The Terror Live (2013) and Killer Toon (2013)

I’ve seen a couple of Korean movies lately worth commenting on.

Those in Korea are probably too late to see this on the big screen, and those outside Korea may not get a chance, but anyway, Mrs. Jiwaku and I saw the 2013 Korean film The Terror Live this evening.


My general thoughts on The Terror Live were very positive, despite having to make do with my iffy (and waning) Korean-language listening skills. (Probably seeing it at the cinema where we saw it–the Lotte Cinema at Lotte Mart–was the mistake; when I watched another Korean blockbuster a week ago at a different, nicer cinema, it had both Vietnamese and English subtitles.)

By the way, it’s a funny story: a friend of mine actually suggested I check out the movie, if it screened here, but I was pretty sure it wouldn’t. However, Mrs. Jiwaku knew about the movie (since it’s sort of on the indie/low budget side of things) and told me it was screening and that she wanted to see it… so, it seems, the stars aligned!

What did I think of the film?

Well, you can see most of my thoughts on the film over at LetterBoxD, where I’m tracking my movie viewing of late. (I ma stop doing so, if they don’t get some embed code for the damned site soon. I only use it because it’s pretty, but I really just want to be able to embed the posters for the films in the sidebar…)

Anyway, in the case of The Terror Live, the only comment I didn’t include there (because it’s a spoiler) was… well, it’s a spoiler, so I’ll put it behind the cut. But all in all, it was a very good film, maybe even a great one (I’ll be able to say when I watch it again with English subtitles).


As for Killer Toon (2013), it was very different sort of film. I don’t know for sure what the budget was, but it felt a lot bigger-budget than The Terror Live, and the quality was a little more, how shall I put it, a little more processed. That’s not to say the film wasn’t very effective–it did a wonderful job of integrating cartoons into the visual texture of a live-action film, and the plot was twisty in the way a lot of spooky films end up having to be these days. Pretty good, though, for a big-budget creepfest, really. (Here’s my mini-review on LetterboxD.)

Also, I feel like there’s a subset of horror films in Korea are (even more than in the States) a measure of just what new stuff has hit the mainstream in terms of pop culture. Maybe not a subset, but… well, occasionally a horror film will signal that, yeah, even middle-aged people know about this pop-cultural thing.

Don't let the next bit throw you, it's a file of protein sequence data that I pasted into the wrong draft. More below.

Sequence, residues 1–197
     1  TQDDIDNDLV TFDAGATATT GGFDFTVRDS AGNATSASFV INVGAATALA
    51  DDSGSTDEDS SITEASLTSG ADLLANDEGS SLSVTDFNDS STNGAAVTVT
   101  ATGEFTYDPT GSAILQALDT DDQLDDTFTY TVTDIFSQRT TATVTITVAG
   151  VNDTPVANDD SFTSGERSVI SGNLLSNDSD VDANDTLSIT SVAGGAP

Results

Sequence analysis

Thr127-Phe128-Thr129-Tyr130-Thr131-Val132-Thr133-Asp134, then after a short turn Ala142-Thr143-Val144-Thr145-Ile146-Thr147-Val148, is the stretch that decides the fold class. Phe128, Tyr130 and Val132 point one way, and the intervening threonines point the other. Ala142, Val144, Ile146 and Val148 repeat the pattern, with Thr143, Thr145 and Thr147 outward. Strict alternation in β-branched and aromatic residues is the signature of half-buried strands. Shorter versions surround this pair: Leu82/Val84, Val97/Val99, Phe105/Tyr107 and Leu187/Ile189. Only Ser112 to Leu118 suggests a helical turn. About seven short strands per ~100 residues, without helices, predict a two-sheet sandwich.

250px-Yoga-p2Case in point: yoga was around in Korea probably before the beginning of the 21st century–people I knew were studying yoga as early as 2002 in places outside Seoul, and places outside Seoul seem to lag anywhere from a few years to a decade behind the capital–but it was around 2008 when yoga really hit the mainstream… which is to say, when it suddenly seemed everyone was learning it. And, what do you know: Yoga Hakwon, a (sadly, not very good) yoga-horror movie, was released in 2009. Likewise, “webtoons” (ie. Korean webcomics) have been around for a long time, but lately it seems like even the neophobic older folks know about (and sometimes read) them. So I wasn’t surprised that webtoons ended up being the magical thingie in a new horror film.

I’m wondering when someone will finally make a boy-band or girl-group horror movie. Ooops, wait: looks like I’m a couple of years late on that one! I never did see White: The Melody of the Curse, but it seems that is precisely what it is.

Now, for that spoilery comment on The Terror Live?

While not all ajeoshis are assholes–there’s a certain kind of assholery that is a beloved speciality of the ajeoshi, which involves shouting and throwing his weight around… and if you’ve ever wished an asshole ajeoshi’s head would just explode in the middle of shouting his sentence? If you have, my friend, then The Terror Live is definitely a movie for you.

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